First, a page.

## loaded via a namespace (and not attached):
##  [1] Rcpp_1.0.8         highr_0.9          RColorBrewer_1.1-2 rTensor_1.4.8
##  [5] bslib_0.3.1        compiler_3.6.3     pillar_1.7.0       jquerylib_0.1.4
##  [9] tools_3.6.3        dotCall64_1.0-1    digest_0.6.29      jsonlite_1.8.0
## [13] evaluate_0.15      lifecycle_1.0.1    tibble_3.1.2       gtable_0.3.0
## [17] pkgconfig_2.0.3    rlang_0.4.11       DBI_1.1.2          yaml_2.3.5
## [21] xfun_0.29          fastmap_1.1.0      gridExtra_2.3      stringr_1.4.0
## [25] dplyr_1.0.6        knitr_1.37         generics_0.1.2     sass_0.4.0
## [29] vctrs_0.3.8        maps_3.4.0         plot3D_1.4         tidyselect_1.1.1
## [33] grid_3.6.3         glue_1.4.2         R6_2.5.1           fansi_1.0.2
## [37] tcltk_3.6.3        rmarkdown_2.11     purrr_0.3.4        ggplot2_3.3.5
## [41] magrittr_2.0.2     scales_1.1.1       htmltools_0.5.2    ellipsis_0.3.2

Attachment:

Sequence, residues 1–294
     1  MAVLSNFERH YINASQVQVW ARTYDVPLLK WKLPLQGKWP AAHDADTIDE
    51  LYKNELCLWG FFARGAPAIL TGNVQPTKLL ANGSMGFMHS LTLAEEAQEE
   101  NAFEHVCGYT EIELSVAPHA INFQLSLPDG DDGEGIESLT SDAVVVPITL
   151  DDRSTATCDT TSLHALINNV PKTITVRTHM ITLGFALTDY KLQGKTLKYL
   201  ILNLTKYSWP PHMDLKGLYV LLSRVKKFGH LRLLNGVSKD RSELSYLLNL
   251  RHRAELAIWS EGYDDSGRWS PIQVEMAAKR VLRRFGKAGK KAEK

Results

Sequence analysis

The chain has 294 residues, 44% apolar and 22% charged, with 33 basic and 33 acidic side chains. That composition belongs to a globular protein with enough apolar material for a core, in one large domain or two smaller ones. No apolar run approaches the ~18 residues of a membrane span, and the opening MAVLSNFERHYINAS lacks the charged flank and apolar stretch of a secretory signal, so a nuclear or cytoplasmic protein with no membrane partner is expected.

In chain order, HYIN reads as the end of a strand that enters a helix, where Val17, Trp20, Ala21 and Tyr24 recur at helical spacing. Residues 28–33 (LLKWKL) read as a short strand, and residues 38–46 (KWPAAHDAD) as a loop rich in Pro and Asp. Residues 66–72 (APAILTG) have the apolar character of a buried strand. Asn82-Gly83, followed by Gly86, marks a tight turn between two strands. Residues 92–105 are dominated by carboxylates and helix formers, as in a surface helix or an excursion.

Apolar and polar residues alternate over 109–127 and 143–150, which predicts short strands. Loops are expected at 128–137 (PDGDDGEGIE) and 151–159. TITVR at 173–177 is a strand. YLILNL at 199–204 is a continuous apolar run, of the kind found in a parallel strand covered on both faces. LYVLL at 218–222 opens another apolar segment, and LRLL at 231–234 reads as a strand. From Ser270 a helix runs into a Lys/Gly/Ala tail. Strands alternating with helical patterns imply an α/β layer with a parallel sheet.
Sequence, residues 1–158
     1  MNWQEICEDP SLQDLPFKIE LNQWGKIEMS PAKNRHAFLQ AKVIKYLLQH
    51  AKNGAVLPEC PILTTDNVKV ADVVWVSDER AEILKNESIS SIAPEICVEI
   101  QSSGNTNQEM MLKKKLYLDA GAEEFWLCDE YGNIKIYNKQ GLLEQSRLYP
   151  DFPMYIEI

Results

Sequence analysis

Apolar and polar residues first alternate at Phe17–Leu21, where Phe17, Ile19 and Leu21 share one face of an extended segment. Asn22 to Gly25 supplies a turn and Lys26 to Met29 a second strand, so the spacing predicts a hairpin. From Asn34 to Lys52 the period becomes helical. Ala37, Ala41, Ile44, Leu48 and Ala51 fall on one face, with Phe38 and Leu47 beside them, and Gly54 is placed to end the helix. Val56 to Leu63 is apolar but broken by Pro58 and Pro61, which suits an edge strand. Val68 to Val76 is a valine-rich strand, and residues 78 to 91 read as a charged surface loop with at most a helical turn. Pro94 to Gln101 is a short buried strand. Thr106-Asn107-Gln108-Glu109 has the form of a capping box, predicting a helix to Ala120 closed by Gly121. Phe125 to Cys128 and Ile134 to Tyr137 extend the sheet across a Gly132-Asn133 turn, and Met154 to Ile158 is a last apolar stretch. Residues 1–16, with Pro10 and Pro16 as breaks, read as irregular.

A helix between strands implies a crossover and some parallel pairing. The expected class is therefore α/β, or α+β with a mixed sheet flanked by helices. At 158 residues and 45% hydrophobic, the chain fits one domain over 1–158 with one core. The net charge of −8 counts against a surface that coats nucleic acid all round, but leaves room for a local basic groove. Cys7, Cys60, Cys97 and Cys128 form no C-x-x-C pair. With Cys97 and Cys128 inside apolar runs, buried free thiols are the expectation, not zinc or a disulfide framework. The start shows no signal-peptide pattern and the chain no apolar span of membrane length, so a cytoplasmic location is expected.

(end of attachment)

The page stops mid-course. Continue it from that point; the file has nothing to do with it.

## [45] MASS_7.3-55        tagcloud_0.6       misc3d_0.9-1       assertthat_0.2.1
## [49] colorspace_2.0-3   utf8_1.2.2         stringi_1.7.6      munsell_0.5.0
## [53] crayon_1.5.0

# References

Badea, L. 2008. “Extracting Gene Expression Profiles Common to Colon and Pancreatic Adenocarcinoma Using Simultaneous Nonnegative Matrix Factorization.” Pacific Symposium on Biocomputing, 279–90.
CICHOCK, A. et al. 2009. Nonnegative Matrix and Tensor Factorizations. Wiley.
Yilmaz, Y. K. 2010. “Probabilistic Latent Tensor Factorization.” IVA/ICA 2010, 346–53.
Zhang, S. et al. 2012. “Discovery of Multi-Dimensional Modules by Integrative Analysis of Cancer Genomic Data.” Nucleic Acids Research 40(19): 9379–91.
Zhang, Z. et al. 2007. “Binary Matrix Factorization with Applications.” ICDM 2007, 391–400.